It's the story of the Oxford English Dictionary - how it began, why it differs from all other dictionaries, and most importantly, how it is ranks as one of the best philological works.
Read it! It brings you back to a more erudite time (in a classical way, at least) - a time when, as teenagers, people spoke twenty languages, read physics for fun, knew why this octave of X symphony was, based on the Y musical theory, a work of genius, drew astronomical maps in their free time and volunteered at archaeological diggings. (When I was a teenager...)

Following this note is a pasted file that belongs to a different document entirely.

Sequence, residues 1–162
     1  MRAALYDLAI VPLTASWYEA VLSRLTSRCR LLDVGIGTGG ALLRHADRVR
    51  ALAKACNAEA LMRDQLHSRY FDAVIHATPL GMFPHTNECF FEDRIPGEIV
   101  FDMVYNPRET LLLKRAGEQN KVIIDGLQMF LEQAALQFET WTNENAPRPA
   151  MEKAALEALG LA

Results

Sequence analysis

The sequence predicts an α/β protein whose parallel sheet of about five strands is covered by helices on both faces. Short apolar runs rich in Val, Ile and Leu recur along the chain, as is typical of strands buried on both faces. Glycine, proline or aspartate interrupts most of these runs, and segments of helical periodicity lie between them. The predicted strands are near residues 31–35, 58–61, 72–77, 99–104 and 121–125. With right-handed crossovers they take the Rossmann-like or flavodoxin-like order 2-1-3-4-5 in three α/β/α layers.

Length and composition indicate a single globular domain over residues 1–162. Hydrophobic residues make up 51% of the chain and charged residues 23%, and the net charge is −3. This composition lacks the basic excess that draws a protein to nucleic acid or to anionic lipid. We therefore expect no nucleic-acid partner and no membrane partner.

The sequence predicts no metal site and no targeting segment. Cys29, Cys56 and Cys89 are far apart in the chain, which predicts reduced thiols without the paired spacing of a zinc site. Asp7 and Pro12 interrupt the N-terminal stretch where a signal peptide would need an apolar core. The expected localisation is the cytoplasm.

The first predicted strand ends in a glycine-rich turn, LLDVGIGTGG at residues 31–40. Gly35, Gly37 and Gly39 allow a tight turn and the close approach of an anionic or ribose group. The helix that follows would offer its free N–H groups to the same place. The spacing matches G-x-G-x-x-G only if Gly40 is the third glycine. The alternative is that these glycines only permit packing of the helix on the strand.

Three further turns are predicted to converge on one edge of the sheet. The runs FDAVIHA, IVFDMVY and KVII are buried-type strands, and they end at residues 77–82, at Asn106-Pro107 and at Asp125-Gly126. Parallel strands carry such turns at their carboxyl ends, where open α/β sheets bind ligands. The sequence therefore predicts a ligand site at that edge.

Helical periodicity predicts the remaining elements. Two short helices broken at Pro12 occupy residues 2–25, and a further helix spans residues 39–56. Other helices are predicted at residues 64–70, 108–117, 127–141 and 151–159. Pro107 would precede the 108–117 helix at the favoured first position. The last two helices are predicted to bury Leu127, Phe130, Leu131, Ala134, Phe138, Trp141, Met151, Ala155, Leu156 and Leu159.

I want the full set of the Oxford English Dictionary for my birthday!
A bit of trivia: creating the dictionary required thousands of people, mostly volunteers, to read through every work of literature written in English as of the late nineteenth century. To ensure that the word was truly used in the language, a particular word had to be cited in at least several written works. Among the many attributes that makes Shakespeare great is that he was the first to imbue words with certain meanings which have since then become mainstream (such as "laughable", first used in the The Merchant of Venice). However, some of his words were never employed by any other author the same way he did (e.g. "soilure" and "tortive").